A successful launch relies on understanding how products perform in today's environment, identifying the product differentiation and unmet need.
The product launch landscape has seen some significant shifts. The reduced access to physicians, increased competitive intensity, and increasing influence of payers are just a few of the factors creating a more challenging landscape for product launches. Emerging biopharma companies must decide if they will go it alone to launch their product or look for a partner who has experience and resources.
This post, the first in a series exploring a framework for successful launches, shares insights from an analysis of new drug launches and explains a method to identify a launch archetype based on unmet need and product differentiation. Later posts in the series draw on real-world examples to help you to identify the best approach to a successful launch.
Performing in today's environment
IQVIA's analysis demonstrates the challenging landscape for drug launches with only around 1% of launches actually excel, and just 30% hit their first-year forecast.
The average first-year sales for newly-launched brands have been increasing over the past seven years, driven by higher-value launches such as specialty and oncology drugs. However, while sales are increasing the numbers of patients who benefit from the launch are falling. This trend increases as many companies focus more on the specialty market, specifically, rare and orphan diseases with small and tightly-defined populations. Overall, the amount spent on innovation has risen approximately four-fold, while the number of patients who benefit has fallen by a similar order of magnitude.
Biopharma companies are driving innovation. however, the average first-year gross sales differed dramatically between large pharma and biopharma; the average first-year sales for biopharma organizations were $28 million compared to $114 million for large pharma.
It is clear that, when planning their own launches, emerging biopharma need to understand the drivers behind cost-effective launches that deliver better returns on investment.
Partner or go it alone
When we look only at first-year sales, there is a clear advantage to partnering, average 12-month sales for biopharma companies that go it alone being less than $25 million, while average 12-month sales for organizations that decided to partner is almost $44 million. The analysis of the launches between 2007 and 2016 reveals the average first-year promotional spend was four-fold higher for companies that partnered vs. those who go it alone. This could be one of the drivers behind the much higher sales demonstrating the advantage of deeper pockets. However, the average investment for a partnership is $41 million, compared to $10 million on average for those who go it alone. When you consider that the shared revenue for partnerships along with the significant investment there may be little advantage to partnering. So, although partnering provides the opportunity for larger investment, the majority of partnerships produce similar results to going-it alone.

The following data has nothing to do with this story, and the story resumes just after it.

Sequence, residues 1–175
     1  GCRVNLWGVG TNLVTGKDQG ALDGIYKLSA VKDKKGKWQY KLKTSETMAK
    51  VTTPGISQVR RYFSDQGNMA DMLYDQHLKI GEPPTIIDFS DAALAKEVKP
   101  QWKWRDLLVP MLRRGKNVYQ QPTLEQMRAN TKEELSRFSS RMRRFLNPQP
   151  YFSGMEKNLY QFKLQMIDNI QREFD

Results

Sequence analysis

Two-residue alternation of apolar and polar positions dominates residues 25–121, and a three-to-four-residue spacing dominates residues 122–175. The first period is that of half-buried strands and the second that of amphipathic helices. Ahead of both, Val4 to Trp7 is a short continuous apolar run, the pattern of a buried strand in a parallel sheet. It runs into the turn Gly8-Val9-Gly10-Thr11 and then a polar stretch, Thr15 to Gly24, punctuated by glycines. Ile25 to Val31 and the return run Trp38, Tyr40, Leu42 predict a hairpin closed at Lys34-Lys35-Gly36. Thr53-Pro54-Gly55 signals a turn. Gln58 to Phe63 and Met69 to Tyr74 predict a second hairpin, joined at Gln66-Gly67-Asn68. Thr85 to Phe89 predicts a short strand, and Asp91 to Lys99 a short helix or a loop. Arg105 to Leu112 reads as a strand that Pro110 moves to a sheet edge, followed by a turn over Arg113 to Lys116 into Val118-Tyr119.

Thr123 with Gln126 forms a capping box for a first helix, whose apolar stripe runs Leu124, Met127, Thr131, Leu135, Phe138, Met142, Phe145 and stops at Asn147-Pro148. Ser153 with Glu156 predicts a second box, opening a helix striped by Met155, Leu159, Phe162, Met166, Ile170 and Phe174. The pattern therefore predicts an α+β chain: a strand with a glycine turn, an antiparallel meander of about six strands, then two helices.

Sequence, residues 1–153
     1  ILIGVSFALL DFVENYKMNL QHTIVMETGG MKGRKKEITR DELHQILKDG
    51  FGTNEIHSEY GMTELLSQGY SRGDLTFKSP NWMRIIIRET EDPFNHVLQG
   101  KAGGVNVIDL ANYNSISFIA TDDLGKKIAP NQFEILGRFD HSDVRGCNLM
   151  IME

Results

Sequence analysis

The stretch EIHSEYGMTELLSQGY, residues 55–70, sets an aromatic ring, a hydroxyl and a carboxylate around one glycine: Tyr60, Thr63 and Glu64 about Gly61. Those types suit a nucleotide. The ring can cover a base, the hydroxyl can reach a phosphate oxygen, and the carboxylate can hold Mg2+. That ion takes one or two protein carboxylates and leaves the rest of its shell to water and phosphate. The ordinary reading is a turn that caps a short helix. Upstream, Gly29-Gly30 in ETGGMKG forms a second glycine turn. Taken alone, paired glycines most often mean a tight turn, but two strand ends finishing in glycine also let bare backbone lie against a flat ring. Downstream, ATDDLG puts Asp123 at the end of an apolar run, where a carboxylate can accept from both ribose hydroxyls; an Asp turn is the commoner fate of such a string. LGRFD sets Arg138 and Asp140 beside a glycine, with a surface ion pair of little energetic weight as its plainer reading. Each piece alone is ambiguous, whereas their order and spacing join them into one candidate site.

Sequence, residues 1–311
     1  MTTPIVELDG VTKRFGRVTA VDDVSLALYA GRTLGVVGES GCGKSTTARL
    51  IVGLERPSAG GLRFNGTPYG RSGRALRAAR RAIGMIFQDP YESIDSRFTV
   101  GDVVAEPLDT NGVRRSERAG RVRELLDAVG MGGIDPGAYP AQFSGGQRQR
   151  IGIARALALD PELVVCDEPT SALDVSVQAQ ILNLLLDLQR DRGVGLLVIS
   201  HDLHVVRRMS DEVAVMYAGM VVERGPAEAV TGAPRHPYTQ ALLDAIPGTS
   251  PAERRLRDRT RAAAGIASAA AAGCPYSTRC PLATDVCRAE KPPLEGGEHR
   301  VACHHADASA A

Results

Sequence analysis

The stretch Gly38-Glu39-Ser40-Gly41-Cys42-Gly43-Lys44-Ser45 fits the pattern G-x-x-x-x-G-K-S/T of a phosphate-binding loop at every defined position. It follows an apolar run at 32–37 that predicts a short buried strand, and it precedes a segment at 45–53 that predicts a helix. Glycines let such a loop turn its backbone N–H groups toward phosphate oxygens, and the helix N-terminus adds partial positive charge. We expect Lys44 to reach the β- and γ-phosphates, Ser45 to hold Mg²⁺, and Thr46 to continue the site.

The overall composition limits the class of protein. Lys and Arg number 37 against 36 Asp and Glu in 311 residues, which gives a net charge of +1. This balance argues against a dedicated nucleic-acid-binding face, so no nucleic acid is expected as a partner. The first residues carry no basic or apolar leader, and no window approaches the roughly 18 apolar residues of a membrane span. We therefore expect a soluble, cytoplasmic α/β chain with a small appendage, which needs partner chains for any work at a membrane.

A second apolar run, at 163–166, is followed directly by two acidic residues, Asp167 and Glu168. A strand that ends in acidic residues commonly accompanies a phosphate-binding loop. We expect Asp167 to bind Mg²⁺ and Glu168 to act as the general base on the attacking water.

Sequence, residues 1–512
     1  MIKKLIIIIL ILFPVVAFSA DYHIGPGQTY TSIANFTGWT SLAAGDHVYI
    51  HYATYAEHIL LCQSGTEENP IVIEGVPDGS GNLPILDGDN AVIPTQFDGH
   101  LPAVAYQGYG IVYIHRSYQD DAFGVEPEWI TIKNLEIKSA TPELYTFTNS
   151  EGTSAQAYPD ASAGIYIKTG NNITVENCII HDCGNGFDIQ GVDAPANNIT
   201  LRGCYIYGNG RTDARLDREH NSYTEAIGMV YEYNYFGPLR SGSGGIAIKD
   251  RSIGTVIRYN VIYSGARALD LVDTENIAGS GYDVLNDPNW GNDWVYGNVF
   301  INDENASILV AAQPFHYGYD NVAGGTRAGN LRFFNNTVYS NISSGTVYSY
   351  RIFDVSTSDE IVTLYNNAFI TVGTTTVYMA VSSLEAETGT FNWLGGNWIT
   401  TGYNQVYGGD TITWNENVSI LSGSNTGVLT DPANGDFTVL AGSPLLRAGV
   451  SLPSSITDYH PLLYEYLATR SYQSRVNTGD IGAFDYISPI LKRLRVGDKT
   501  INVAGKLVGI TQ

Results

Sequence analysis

Product value drivers: Market need and product differentiation
Differences in market need and product differentiation have a major impact on product sales. Products with a high market need and high product differentiation are more likely to be launched alone and are likely to have the highest first-year sales. In contrast, products with low differentiation and a low market need have a lower potential revenue stream and are a more challenging 'sell'. This makes them more likely to rely on a partner that has more money to invest and has a greater influence on payers.
Understanding Launch Archetypes
The analysis of these launches plotted on a matrix of market need and product differentiation helped identify four distinct launch archetypes with a strong correlation between the archetype and revenue. These launch archetypes are useful in determining the critical success factors, which in turn shape the launch and help companies to focus on the most important parts of the launch process. These critical success factors will help to align the organization, provide a foundation for strategies and tactics, optimize and focus resources, and maximize the chance of success.
Beyond these critical success factors, emerging biopharma have other aspects they need to focus on. They need to have the right resources and the right partners, and they must allow themselves enough time to work their way through the process. On top of all of this, they need to have enough cash for the process, and be aware of the need to manage the expectations of their investors, based on the realistic potential revenues of their products.
All of this may seem daunting for an emerging biopharma company looking to find success with its first-drug-to-market launch. This is the first in a five-blog series. The subsequent posts detail the four launch archetypes, "science sells", "market shaping", "who benefits" and "emphasize the difference", and their specific critical success factors.